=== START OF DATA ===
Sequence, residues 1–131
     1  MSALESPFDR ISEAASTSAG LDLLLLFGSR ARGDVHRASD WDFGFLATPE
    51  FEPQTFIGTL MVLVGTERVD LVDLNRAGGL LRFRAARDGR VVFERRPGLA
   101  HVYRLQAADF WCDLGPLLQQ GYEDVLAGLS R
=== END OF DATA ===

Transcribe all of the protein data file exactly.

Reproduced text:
Sequence, residues 1–131
     1  MSALESPFDR ISEAASTSAG LDLLLLFGSR ARGDVHRASD WDFGFLATPE
    51  FEPQTFIGTL MVLVGTERVD LVDLNRAGGL LRFRAARDGR VVFERRPGLA
   101  HVYRLQAADF WCDLGPLLQQ GYEDVLAGLS R